Highlight of the trip was the Monastery of San Miniato del Monte  in Florence.
After the raucous self-aggrandisement of the Duomo and Medici Chapel, where well-heeled tyrants tried to barter their way into Heaven, San Miniato was a plain power-house of contemplative prayer. It proved again that, regardless of 'branding', truly religious communities generate a peace and stillness you can practically taste and touch. I sat a good time entranced. If we'd managed to stay for the evening Gregorian chant I've no doubt the solemn voices would, paradoxically, have deepened the stillness yet further.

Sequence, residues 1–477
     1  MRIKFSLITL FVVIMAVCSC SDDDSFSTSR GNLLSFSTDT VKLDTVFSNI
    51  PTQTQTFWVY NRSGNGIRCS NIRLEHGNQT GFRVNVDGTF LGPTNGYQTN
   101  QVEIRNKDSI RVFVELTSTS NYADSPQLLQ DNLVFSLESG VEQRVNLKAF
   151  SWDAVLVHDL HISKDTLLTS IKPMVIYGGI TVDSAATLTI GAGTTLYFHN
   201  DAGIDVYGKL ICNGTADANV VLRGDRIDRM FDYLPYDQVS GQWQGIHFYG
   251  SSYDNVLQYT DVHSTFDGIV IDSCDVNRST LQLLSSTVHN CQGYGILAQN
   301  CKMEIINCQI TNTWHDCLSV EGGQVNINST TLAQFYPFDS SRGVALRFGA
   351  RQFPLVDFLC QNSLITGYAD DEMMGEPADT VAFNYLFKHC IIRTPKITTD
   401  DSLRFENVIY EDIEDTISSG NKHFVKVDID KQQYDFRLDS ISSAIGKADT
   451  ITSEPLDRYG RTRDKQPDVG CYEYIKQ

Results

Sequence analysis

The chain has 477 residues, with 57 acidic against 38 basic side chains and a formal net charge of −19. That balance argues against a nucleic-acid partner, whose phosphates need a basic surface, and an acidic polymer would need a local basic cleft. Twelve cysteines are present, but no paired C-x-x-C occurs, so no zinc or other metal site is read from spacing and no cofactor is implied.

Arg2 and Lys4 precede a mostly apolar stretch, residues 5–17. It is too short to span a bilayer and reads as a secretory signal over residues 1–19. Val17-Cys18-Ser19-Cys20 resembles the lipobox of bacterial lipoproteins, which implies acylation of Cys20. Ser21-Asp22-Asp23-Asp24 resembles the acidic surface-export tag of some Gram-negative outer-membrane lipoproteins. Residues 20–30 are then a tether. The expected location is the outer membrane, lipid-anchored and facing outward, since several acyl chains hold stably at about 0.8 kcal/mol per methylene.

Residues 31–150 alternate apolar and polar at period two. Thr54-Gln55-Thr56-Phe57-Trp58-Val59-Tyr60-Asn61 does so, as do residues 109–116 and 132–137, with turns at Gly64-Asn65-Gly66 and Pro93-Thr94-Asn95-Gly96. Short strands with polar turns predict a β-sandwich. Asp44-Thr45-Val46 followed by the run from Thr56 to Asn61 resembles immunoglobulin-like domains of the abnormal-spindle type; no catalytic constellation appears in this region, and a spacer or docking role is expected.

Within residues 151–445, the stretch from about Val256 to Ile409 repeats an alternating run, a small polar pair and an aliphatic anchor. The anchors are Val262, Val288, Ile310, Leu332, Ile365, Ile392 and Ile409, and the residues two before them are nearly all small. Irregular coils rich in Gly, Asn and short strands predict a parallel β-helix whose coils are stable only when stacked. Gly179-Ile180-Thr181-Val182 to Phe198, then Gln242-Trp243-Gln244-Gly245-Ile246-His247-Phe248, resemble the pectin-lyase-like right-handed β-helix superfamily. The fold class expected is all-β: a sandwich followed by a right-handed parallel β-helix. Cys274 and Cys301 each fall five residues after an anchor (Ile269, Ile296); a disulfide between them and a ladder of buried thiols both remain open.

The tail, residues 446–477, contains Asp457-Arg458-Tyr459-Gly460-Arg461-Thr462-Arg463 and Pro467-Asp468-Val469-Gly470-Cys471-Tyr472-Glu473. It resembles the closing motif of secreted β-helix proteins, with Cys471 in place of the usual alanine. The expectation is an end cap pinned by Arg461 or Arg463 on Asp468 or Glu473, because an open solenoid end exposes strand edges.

In Siena, favourite city of our tour, we stumbled across an elderly priest sweeping the aisle of Sant'Andrea - a C14th Romanesque church off the Corso. He explained the dates of Martino di Bartolomeo's faded frescoes, which omitted an 'M' suggesting C4th origins, before turning back to his cleaning.
Pisa's 'Palazzo Blu' housed a Salvador Dali exhibition far more engrossing than the famous out-of-line tower (though the engineering of its preservation was fascinating: counter-balancing 15,000 tonnes of marble with 900 tonnes of strategically-placed lead ingots). The exhibition's last exhibit was an illustration for Dali's edition of the Autobiography of Benvenuto Cellini. Dali's composite image showed Cellini's bronze of Perseus & Medusa, seen in Florence's Piazza della Signoria - sculpture that (for my money) betters Michaelangelo's nearby David.
On the day we left, the lady who made our focaccia/salami sandwich recommended Lucca and Volterra for a return visit.